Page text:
I want to simulate the shape of the free surface in a small fuel tank in microgravity, which is very slowly being emptied.

  • The tank is not symmetric, the geometry is given by CAD (e.g. step file).
  • Modelling of surface tension and contact angle is a must. The contact angle will also vary between different wall regions of the tank.
  • I don't necessarily need dynamic behaviour. I don't (right now) need a flow field solution
  • The possibility to later add a thermal simulation would be a plus.
  • An interface possibility with Python would be ideal, but driven by CLI or interface file is sufficient (for use in later optimization studies)
  • An open-source (but maintained) or free code would be ideal
  • I am not a numerical algorithms person, so it would be great if I don't have to implement a solver myself :D

The relevant equations are the Young-Laplace equation

${\displaystyle \Delta p=\rho gh-\gamma \left({\frac {1}{R_{1}}}+{\frac {1}{R_{2}}}\right)}$,

where $\Delta p$ is the pressure jump across the interface, $\rho g h$ is the hydrostatic pressure (which can be neglected in zero gravity), $\gamma$ is the surface tension, and $R_1$, $R_2$ are the principal radii of curvature of the interface at a given point; and the Young equation

${\displaystyle \gamma _{SG}\ =\gamma _{SL}+\gamma _{LG}\cos {\theta }}$,

which relates, at the contact line, the surface tensions between the three phases: solid, liquid and gas with the equilibrium contact angle $\theta$ between the solid surface and the liquid-gas interface.

What I have investigated so far:

  • Surface Evolver/SE-Fit: This looked at first glance ideal, but later on we realized that there is a reason why most of the examples featured primitive bodies/domains - working with an imported geometry is, according to a colleague, extremely cumbersome. Also, he encountered quite some problems around convex edges, instability, crashes, and generally it seems to be a pain to work with for non-primitive geometries.
  • Basilisk: Seems very nice, has a self-adaptive mesher, solves the flow field (which I don't necessary need), but while it accounts for surface tension, nicely preserves phase volume, and apparently does great interface resolution apparently does not have an implementation of the contact angle boundary condition! Also, it's unclear if it can work nicely with impoerte geometry, most of the examples are boxes or otherwise primitive geometries.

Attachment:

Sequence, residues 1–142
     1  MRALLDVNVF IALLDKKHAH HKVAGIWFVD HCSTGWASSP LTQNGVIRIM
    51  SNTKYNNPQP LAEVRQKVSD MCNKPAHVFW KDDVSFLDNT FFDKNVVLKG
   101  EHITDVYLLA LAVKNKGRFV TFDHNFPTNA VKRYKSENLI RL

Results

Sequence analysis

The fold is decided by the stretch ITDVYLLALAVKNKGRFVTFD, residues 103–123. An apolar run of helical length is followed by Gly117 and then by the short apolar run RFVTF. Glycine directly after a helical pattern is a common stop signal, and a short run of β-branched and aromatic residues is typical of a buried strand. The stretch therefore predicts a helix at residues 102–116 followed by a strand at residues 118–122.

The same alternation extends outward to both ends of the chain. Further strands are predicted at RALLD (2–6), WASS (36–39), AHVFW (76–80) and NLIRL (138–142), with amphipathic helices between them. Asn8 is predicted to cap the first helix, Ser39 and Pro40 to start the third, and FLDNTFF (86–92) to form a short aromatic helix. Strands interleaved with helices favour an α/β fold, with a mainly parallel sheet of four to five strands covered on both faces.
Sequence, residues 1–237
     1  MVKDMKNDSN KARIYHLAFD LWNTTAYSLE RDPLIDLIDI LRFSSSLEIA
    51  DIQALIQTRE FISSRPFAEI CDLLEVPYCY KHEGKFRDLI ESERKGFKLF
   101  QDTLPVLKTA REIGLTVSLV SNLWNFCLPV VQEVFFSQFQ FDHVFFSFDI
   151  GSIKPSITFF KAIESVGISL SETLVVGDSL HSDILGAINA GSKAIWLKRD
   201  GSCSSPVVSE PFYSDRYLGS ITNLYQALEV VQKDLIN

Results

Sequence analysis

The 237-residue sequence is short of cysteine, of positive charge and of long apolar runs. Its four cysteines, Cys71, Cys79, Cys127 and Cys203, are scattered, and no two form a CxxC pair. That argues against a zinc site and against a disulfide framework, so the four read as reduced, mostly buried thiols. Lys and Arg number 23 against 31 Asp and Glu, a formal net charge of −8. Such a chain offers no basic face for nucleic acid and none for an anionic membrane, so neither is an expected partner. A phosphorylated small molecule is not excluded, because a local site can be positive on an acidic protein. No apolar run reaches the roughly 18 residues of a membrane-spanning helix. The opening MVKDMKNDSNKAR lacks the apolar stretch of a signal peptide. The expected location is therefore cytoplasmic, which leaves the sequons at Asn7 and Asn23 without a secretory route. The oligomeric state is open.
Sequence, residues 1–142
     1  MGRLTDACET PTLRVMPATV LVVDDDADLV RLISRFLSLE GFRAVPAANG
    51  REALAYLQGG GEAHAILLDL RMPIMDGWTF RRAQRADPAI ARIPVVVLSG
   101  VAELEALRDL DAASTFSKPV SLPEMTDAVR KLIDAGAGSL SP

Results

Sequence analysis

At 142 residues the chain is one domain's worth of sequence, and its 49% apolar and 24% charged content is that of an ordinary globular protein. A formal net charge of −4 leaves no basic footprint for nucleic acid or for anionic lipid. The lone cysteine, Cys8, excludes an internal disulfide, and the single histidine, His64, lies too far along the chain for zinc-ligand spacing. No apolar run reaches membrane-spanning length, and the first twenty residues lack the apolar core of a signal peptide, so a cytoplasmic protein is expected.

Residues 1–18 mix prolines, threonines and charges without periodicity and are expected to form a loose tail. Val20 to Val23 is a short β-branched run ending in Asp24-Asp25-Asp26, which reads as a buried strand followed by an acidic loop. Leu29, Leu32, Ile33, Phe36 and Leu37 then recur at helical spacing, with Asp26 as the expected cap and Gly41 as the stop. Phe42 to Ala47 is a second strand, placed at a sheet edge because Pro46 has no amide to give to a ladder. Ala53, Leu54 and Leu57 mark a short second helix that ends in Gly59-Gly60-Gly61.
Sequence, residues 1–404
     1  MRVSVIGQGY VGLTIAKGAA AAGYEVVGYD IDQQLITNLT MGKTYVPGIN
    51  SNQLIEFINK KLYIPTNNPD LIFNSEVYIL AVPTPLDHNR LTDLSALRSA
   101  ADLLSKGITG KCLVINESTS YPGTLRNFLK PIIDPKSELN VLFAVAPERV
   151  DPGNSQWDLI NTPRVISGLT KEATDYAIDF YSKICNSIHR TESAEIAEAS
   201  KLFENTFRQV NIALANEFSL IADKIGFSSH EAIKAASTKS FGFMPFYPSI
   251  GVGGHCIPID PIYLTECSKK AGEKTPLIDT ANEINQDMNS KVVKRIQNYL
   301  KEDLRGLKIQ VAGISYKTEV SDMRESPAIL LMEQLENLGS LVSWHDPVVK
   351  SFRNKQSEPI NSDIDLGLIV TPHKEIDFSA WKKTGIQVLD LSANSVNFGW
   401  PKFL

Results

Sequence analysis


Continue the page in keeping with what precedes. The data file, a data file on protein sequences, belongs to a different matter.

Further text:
• It's predecessor, Gerris, could be a candidate, as it can at least prescribe a contact angle in an axisymmetric case. Unfortunately, it does not seem to be developed any more.
  • Fenics looks very nice, and in Python too, but the documentation and variational formulation approach seem daunting. Also, I could not find a worked example for a surface tension interface shape problem, like sessile drop etc, and nobody seems to work in that area
  • I have also found this obscure thing called HyDro, which seems really simple and nice, but is only for flat substrates.

Am I missing any other programs or good contenders to do what I need?


1 Answer 1


It's very late to answer the questions, but it may help someone who wants to do similar stuff.

As far as this problem is concerned, I feel Surface Evolver is the best available option.

(1) It is very flexible, you can write any code according to your need.

(2) It is almost impossible to import external geometry, but if you can write a functional form for the surfaces, it is very easy to create the geometry in Evolver itself.

(3) Curved edges do present a problem, but you can use the "Convex" constraint to avoid that. The downside of this approach is that you can no longer obtain the Hessian, but still you can minimize the energy and obtain the equilibrium shapes.

(4) It is very accurate for imposing the contact angle and very complex shapes of the interface can be simulated.

With regards to Basilisk, the contact angle application is not as good as that in surface Evolver (you cannot work with very low or very high angles). If you are not concerned with the velocity profile, I think Surface Evolver is better. But if you want to the dynamics, I would suggest Basilisk.

  • $\begingroup$ I agree that it's very nice and powerful, but as I outlined above, not being able to import external geometries is a dealbreaker for many non-academic/engineering applications, at least in my experience. $\endgroup$
    – Christoph
    Dec 27, 2021 at 18:32

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